Just TV, Dr. Pol?

If so, then I’m forced to conclude that perhaps the good doctor shouldn’t be allowed to practice on any real patients.



Pic: the one that jack the beer store cat didn't want me to post

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Reader Comments (28)

I agree totally. I watched a few episodes of Pol, and I was horrified. This jerk has no empathy for animals. You would think being in front of a camera, he'd at least ACT a little more caring. The way he handles the dogs and even the farm animals is , in my opinion, inhumane. I wouldn't take a goldfish to him.

November 8, 2012 | Unregistered Commenteragadoresmama

@ agadoresmama: And it's SO infuriating that people actually believe his schtick equates with quality care. One of my local board-certified surgeons actually had to endure having one of his clients call Dr. Pol to OK the procedure he had recommended. The dog's owner said she wouldn't go through with the much-needed surgery until Dr. Pol approved. I can understand people watching it as entertainment. I can even understand believing he's compassionate and caring. But I can't fathom people who actually think he's a great veterinarian. Seems weird to me given what I've witnessed.

PS: Thanks for following me for so many years. It's nice to see you commenting here!

November 10, 2012 | Registered CommenterDr. Patty Khuly

I hate this show. This man reminds me of my first boss, who wasn't anywhere near this bad, but still. It's not just the subpar medicine but the dismissive, arrogant attitude towards anything approaching modern medicine. Loved how he threw his former associate under the bus, by name, even while the other veterinarian was nothing but diplomatic. FYI, the state of Michigan has no CE requirement, which does explain a lot.

November 13, 2012 | Unregistered CommenterJennifer

I worked as a veterinary assistant (full disclosure: Trained on the job by my employer; no degree or certification) 10+ years ago, so I must assume that my knowledge is both very incomplete and very out of date, and I was totally appalled at the way this guy and his colleagues do things. The two that really stood out (I haven't seen all the episodes) were the pit/bulldog puppy that got mauled by the older dog, and Blackie, the dog that ate the baseball cover.

1) My former bosses repaired animals with seriously horrific injuries (dog maulings, gunshot wounds, hit-by-cars, etc.). It involved a lot more than giving them a shot of steroids and putting them away in a cage to wait. If he doesn't have the time or the staff to handle serious cases, he needs to either hire more staff or not be shy about sending clients elsewhere, where they can be seen in time to save their pets.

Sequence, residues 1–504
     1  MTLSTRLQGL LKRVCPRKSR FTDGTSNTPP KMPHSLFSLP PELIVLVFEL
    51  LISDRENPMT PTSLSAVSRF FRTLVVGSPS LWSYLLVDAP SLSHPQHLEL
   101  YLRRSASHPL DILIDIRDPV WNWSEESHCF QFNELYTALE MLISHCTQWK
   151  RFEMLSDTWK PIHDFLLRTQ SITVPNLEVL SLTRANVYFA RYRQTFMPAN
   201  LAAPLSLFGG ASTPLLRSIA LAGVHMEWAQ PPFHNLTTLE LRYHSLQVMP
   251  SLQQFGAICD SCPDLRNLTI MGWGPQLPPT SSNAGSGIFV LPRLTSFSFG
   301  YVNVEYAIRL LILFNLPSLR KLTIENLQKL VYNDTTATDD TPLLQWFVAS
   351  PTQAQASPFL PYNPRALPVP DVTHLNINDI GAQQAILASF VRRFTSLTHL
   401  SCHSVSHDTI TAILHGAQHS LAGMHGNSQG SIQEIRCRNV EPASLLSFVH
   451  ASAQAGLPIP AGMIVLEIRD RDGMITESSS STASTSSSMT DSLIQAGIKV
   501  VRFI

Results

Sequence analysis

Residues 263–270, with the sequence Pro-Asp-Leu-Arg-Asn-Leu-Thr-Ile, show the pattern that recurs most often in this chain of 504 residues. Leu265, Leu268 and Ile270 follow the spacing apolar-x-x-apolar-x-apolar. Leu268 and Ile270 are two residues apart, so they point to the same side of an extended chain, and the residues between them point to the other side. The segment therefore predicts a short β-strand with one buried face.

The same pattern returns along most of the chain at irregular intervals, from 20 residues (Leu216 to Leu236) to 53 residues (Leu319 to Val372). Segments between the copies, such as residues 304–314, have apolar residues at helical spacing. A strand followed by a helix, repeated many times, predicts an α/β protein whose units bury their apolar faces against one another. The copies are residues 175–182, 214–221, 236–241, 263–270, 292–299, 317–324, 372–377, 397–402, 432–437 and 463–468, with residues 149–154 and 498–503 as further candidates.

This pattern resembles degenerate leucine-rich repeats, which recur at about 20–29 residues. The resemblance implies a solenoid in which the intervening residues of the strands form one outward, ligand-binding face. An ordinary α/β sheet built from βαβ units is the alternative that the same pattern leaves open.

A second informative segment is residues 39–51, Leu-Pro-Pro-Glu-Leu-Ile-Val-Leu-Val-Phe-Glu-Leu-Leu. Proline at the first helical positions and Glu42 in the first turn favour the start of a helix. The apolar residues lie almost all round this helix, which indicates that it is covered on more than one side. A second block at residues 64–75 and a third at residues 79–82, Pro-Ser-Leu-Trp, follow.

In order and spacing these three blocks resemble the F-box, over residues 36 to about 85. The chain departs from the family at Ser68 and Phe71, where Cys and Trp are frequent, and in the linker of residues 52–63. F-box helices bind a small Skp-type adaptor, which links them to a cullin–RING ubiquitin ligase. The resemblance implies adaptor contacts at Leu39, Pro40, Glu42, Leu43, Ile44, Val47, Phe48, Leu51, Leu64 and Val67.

2) I desperately hope that somebody edited out the part where Dr. Brenda offered Blackie's owners IV fluids and bloodwork. My last dog survived pancreatitis twice (the result of "dietary indiscretion" both times). That our vet immediately put the dog on fluids and ran bloodwork confirmed her illness and saved her life, but she would have been dead very quickly had she not been treated right away. That any vet would see a dog that had been off its food and vomiting for a couple of days and not insist on fluids, at the very least, is totally beyond me.

Thorough care is not bill-padding. Nobody on this show seems to understand that. How many more animals could he save if he were doing a competent job? The idea of a veterinarian practicing like James Herriot is adorable until you remember that Herriot was practicing in the 1930's, 1940's, and 1950's. I hope we can do better 60 years later.

December 26, 2012 | Unregistered CommenterLBC

So many things about this show totally disguste me! The fact that for any lilttle problem he will sedate ur pet, after a while and after so many sedations it is not safe for your pet.
The most recent upsettng thing I saw waw a alpacca owner who decided that his coat was no longer making a proffit and called Dr Pol to put him down. Instead of looking in to a farm for him to live out hie life or a alpacca rescue this supposed great vet, made this poor animal disposable because his coat was no longer acceptable!
I find this show unacceptable. It shows everything that is wrong with how we are to treat the animals that love us so much and just want love in return.
Dr Pol is a problem not a solution!

January 12, 2013 | Unregistered CommenterJaime

I am watching Dr Brenda deal with a new foal. She is so full of misinformation and basically saying the foal will die. Just an excuse for poor care.

January 12, 2013 | Unregistered CommenterLee

I love the tv show. It is very entertaining, wholesome and upbeat. It's hard to find shows like that anymore!! Dr. Pol and Dr. Brenda have a lot of successful outcomes so they must be doing a lot right!